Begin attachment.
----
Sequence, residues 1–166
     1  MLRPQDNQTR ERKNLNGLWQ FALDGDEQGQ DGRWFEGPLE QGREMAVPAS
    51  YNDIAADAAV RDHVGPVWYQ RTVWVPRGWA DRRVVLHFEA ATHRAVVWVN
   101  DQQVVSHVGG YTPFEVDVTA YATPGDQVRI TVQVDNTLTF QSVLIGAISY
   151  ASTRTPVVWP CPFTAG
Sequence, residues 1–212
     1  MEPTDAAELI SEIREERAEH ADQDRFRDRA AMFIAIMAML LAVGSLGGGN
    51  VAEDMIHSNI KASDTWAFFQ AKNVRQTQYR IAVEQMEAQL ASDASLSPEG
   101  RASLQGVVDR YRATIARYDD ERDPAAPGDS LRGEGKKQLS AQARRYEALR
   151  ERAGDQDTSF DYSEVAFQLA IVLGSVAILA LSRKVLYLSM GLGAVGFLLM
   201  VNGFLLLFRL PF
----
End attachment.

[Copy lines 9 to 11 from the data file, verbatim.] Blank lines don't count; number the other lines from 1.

   101  RASLQGVVDR YRATIARYDD ERDPAAPGDS LRGEGKKQLS AQARRYEALR
   151  ERAGDQDTSF DYSEVAFQLA IVLGSVAILA LSRKVLYLSM GLGAVGFLLM
   201  VNGFLLLFRL PF